According to Burmese exile media, Aung San Suu Kyi will celebrate her birthday in seclusion, with her two women companions. She has not been allowed visitors, and her telephone line has been cut for many years. But she does have a short-wave radio, so—if the batteries are still working—she will know that many people around the world are honouring her.

In New York on Friday, Amnesty International delivered 65 yellow roses to the Myanmar (Burma) embassy.

On the same day members of PEN, an organisation which promotes literature and human rights, gathered outside the Burma embassy in London. They called for the release of Suu Kyi and all other political prisoners. Earlier, on Wednesday, five Burmese exiles posed in front of the embassy steps—each with the name of a political prisoner written on their hands.

The M&G spoke to Htein Lin, an artist and former political prisoner, who participated in the protest. Htein Lin served a six-and-a-half year sentence for his role in Burma’s pro-democracy movement. During his time in jail he created art works without paint or brushes, using white cotton prison sarongs as his canvas.

Htein Lin told how he and fellow prisoners had celebrated Aung San Suu Kyi’s 58th birthday while they were behind bars in the notorious Myaungmya jail. “I painted a portrait of her secretly on prison uniform. We used it in our programme of speeches and poems,” he said.

‘No one is interested in democracy, only football’
Burma’s pro-democracy activists had admired South Africa’s struggle for freedom, he said. “Nelson Mandela was an inspiration to us. A friend wrote a song about him while we were in jail.”

Asked what he felt the South African government should do to support democracy in Burma, Htein Lin responded: “I would like the South African government not to stand in the way of the UN condemning the [Burmese] military government’s record on human rights and democracy.”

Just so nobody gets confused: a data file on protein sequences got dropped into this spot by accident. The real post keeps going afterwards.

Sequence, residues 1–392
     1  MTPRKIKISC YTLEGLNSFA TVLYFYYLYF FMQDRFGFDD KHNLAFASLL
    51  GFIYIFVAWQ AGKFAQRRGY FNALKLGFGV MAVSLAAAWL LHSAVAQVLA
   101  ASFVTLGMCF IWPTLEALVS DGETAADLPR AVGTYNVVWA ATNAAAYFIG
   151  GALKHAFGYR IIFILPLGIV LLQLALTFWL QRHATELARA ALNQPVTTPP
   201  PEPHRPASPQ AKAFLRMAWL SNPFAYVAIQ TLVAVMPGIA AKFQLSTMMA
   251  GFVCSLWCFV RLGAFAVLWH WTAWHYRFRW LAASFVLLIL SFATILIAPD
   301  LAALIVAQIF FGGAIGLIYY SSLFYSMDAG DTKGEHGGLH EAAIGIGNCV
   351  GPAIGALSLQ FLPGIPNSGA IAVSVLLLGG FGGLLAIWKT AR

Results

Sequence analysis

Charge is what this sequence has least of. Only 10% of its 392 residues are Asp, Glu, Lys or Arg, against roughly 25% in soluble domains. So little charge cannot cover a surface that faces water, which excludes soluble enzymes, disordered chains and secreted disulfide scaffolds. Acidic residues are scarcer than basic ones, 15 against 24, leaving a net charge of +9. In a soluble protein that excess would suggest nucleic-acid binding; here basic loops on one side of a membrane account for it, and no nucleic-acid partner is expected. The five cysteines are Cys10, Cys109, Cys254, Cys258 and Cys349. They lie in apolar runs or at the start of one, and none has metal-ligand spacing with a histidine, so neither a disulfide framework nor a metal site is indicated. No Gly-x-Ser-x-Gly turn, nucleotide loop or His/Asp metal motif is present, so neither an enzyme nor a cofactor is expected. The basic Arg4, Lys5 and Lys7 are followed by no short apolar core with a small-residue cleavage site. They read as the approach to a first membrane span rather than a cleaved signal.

“At the moment South Africa is making sure that no one is interested in democracy, only football,” he added.

The M&G has learned that, inside Burma, NLD youth members are planting more than 20 000 saplings to honour their leader’s birthday.

Pro-democracy activists and former political prisoners also held a small celebration in Rangoon on Saturday said Yeni, news editor of Irrawaddy: an exiled Burmese news magazine, based in neighbouring Thailand.

He told the M&G that: “Millions of other people inside Burma will be thinking of Aung san Suu Kyi in their hearts today, even if they are not allowed to celebrate openly. They will be praying for her release, and for the release of all political prisoners.”

Yeni said that, in spite of a “total news blackout” by military censors, a “young generation” of citizen journalists still manages to smuggle news out of the country to exiled media organisations, even though they risk long jail sentences by doing so.

He added: “During the apartheid-era in South Africa, Burmese people learned about your struggle through media. Now, media can help the whole world to share the joy of the World Cup. In the same way, we hope that South Africans can learn about Burma, about our shared humanity, and our desire for freedom.

The Burma embassy was not immediately available for comment.

Lisa Steyn

Lisa Steyn

Lisa Steyn is a business reporter at the Mail & Guardian. She holds a master's degree in journalism and media studies from Wits University. Her areas of interest range from energy and mining to financial services and telecommunication. When she is not poring over annual reports, Lisa can usually be found pottering about the kitchen. Read more from Lisa Steyn